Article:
The Untold Truth Of Dwight Schrute
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The Untold Truth Of Dwight Schrute

January 28, 2020


Former Dunder Mifflin paper salesman and assistant
to the regional manager Dwight Schrute is loud, intense, and one of television’s most
memorable dunces. However, even though the titular office’s
doors have been shuttered for a while now, there’s still a lot you might not know about
the beet-loving, karate-kicking owner of Schrute Farms. Dwight Schrute and Rainn Wilson seem as inseparable
as … “Bears. Beets. Battlestar Galactica.” As difficult as it is to imagine anyone other
than Wilson playing Dunder Mifflin Scranton’s fire safety chief, it’s utterly impossible
to contemplate what would’ve happened if one famous comedian who auditioned for the role
had actually gotten it. In 2013, the final season of The Office was
released on DVD, and included in the extras is a short video revealing some of the actors
who auditioned for the series. Among other noteworthy surprises, Bob Odenkirk
of Better Call Saul fame auditioned for the role of Michael Scott, Kathryn Hahn tried
out for Pam, and both John Cho and Adam Scott took a crack at Jim Halpert. But perhaps most surprising of all is that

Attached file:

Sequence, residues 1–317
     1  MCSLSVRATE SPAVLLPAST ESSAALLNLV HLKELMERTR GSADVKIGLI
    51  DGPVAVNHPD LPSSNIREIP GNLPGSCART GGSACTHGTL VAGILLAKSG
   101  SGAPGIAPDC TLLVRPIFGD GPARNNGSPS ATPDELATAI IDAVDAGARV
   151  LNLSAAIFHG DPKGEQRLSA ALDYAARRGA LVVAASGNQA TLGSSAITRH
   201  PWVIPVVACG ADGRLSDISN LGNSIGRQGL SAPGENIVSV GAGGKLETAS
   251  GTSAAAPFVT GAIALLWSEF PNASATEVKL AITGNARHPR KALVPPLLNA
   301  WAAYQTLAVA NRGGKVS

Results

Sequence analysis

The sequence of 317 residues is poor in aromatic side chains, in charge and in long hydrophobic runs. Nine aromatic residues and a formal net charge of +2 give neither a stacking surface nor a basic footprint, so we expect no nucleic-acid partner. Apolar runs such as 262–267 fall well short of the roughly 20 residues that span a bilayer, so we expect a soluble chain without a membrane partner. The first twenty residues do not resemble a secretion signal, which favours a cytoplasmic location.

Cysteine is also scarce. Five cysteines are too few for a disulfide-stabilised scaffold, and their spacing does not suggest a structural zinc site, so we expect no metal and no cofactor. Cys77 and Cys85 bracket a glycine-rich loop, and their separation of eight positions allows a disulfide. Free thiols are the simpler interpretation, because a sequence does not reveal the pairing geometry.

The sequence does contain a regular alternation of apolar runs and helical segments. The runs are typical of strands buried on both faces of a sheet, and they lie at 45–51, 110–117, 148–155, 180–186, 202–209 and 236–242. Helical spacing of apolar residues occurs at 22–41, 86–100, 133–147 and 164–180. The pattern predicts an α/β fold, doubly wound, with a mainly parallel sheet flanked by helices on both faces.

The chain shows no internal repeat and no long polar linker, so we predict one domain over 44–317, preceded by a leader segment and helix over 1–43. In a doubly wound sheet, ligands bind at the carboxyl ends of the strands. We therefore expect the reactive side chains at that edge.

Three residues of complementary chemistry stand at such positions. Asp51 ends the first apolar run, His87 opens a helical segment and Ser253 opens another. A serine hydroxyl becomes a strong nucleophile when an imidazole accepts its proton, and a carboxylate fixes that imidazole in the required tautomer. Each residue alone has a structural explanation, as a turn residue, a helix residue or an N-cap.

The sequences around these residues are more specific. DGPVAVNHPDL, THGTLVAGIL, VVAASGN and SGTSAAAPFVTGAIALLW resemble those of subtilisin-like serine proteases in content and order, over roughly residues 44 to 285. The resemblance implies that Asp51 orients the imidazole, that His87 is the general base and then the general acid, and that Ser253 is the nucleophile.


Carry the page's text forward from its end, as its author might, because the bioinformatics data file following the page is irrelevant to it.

Seth Rogen tried his best to land the part of Dwight Schrute. “Urine is sterile. Did you know that? If you’re in the field, you can clean a man’s
wound by taking a wiz on it. That is actually in first aid books written
by the Red Cross.” What’s most fascinating about the clip is
how apparent it is that Rogen’s Dwight wouldn’t have been within a galaxy of the same character
Wilson gave us. Reading the same line, Dwight would be obnoxious
and condescending, speaking as if he were delivering the lesson to a child. Rogen seems absolutely likable, not very bright,
and not at all Schrutish — kind of like Kevin the accountant if he knew a few more
factoids and was awake for more of the day. Throughout the course of The Office, Dwight
Schrute both worships Michael Scott and has ambitions for his office. And in one of the many ways in which life
imitates art, Rainn Wilson didn’t initially audition for the role of assistant to the
regional manager. He wanted to be the big dog himself. Much like Bob Odenkirk, Wilson went into his
audition taking aim at the role of everybody’s favorite regional manager, Michael Scott. Alas, it wasn’t to be, possibly because, as